Note: The OSME Writer’s Club prompt from Medha ji last week was to think about what will make me really happy. Then imagine that I have it, how would I feel, what would I do, the changes it would bring. I must imagine what it would be like and write the story in the present tense as if I am living that happy life. While I am late, here it is for what it’s worth.

For years I drove myself to achieve things that I thought would bring me more respect, may be adulation; things that are more in line with what the world defines as the perfect, successful and respectable life. Some years ago I noticed a family on train – a mother and her two daughters. They appeared like any other family, except that all three of them had a beautiful serenity on their faces. They laughed a lot when speaking with each other. They appeared happy, nay content. I immediately thought this is what I want in my life.

And soon, wrestling with my desires, I forgot them. The search for this elusive peace took me to multiple self-help books, influencers, coaches and monks. My search ended with a monk – I’ll call him Swamiji – who I think is perfect to guide me. More on his teachings some other day. However, one of the many things he has asked us is to let go of desires. One follows another and there’s no end to it. And if you die with even an unfulfilled one, you must come back again on terra firma to pursue it. Over the years, I read him, I heard him, but only started paying attention a few years ago.

That was when I slowed down a bit, made time for myself and thought some. I was able to come to a state where I asked myself is this what you want to go back with? Happy when you have achieved your desires, more so when you have stretched yourself doing so, impacting your physical and mental health in pursuing your goals. A fleeting moment of happiness that goes away as soon as a new desire surfaces. Troubled, agitated inside and at times outside when other things don’t go your way, cursing the universe and at times God himself and ultimately not at peace with yourself. For whatever years are left you must live the right way.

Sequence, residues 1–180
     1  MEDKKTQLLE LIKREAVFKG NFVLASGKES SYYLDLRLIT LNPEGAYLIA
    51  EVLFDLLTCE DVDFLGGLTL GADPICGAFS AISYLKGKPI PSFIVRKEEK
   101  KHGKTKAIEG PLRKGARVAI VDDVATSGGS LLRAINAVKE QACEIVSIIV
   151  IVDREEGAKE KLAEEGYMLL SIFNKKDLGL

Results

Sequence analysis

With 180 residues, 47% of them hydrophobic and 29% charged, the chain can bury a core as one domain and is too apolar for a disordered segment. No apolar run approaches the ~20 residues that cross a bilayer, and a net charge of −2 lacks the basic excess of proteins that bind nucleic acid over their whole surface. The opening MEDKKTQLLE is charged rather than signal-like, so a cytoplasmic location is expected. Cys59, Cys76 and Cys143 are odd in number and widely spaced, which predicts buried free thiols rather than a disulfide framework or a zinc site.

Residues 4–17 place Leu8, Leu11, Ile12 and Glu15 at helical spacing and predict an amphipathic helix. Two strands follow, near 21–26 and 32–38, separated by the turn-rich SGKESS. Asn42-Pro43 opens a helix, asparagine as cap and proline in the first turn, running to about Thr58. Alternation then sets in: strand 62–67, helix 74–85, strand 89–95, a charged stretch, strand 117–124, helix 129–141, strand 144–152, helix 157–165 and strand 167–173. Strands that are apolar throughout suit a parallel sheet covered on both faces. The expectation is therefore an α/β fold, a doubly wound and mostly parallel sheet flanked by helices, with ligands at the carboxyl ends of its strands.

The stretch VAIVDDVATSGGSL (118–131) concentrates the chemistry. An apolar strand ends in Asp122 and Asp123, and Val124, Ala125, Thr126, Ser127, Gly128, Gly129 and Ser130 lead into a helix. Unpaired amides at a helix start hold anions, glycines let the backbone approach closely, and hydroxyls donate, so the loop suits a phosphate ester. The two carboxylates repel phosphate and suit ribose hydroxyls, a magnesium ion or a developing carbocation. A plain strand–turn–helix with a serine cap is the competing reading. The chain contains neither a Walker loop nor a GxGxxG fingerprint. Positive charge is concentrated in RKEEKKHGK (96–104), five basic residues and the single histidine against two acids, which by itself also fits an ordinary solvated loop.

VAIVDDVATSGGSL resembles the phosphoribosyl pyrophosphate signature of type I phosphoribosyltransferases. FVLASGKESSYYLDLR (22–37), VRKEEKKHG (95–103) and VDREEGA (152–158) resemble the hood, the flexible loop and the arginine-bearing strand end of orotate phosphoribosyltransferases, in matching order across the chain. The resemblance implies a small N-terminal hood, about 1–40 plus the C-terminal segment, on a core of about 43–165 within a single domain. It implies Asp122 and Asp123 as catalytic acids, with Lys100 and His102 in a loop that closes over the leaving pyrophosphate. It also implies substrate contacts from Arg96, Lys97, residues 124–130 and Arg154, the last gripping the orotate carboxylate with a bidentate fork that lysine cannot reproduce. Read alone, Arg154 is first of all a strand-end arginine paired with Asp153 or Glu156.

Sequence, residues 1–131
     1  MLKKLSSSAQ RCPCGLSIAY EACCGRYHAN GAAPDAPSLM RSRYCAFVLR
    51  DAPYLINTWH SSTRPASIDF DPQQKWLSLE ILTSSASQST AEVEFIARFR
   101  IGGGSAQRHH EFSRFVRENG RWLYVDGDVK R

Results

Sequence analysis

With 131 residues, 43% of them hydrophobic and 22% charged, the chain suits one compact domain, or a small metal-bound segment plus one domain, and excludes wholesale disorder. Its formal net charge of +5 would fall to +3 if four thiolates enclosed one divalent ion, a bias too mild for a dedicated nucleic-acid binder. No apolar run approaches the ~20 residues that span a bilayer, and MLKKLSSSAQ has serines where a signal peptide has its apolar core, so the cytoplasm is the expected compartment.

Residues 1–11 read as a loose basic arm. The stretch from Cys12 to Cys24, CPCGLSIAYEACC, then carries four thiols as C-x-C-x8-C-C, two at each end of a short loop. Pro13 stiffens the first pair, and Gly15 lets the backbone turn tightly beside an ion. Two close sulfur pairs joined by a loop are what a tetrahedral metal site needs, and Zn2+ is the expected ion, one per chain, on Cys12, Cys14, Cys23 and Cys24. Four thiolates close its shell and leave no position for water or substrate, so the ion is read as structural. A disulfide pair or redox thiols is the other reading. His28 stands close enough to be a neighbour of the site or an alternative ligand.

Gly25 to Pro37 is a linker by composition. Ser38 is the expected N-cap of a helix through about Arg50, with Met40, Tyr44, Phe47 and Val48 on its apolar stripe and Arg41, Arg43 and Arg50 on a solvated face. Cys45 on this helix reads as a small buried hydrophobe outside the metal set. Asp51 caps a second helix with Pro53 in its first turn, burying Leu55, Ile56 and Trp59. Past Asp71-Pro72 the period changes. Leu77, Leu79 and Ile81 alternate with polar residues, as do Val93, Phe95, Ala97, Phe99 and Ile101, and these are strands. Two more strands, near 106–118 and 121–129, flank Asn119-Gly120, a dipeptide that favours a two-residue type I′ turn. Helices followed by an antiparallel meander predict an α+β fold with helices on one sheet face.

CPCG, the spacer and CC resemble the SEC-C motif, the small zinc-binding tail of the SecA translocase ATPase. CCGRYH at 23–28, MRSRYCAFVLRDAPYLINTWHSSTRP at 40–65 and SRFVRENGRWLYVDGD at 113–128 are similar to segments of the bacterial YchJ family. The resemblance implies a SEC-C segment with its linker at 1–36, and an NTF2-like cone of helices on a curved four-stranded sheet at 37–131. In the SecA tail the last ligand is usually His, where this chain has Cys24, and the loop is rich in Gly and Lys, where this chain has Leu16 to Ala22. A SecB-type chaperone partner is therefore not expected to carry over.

Having followed his advice, with slow yet definite transformation over the years after hearing and practising from Swamiji’s books and speeches, I have made my peace with the universe. Make no mistake, I still harbour desires and still crave for things which will bring me a better quality or pleasures of life that I have always hankered after. But they stay peacefully besides my now new goal to live a serene life. I do not get agitated anymore easily. I have a smile on my lips when I am walking. I am gentler when someone doesn’t operate the way I have assumed he or she would. I am more accepting of life. I am living light, not heavy as before. I am accepting of the universe. I have started developing gratitude for what I have. I just want to go ahead with this and make the most of my life, moving closer to purification and wisdom.

Its not that I have let gone of ambitions, the healthy ones at least that ensure growth. However, I am now focused on being content rather than satisfied. The ultimate would be to, as described in the Bhagwad Gita, become Sthithpragya. I am millions of miles or may be lifetimes from it. But this is a good start for the rest of what is left of my life.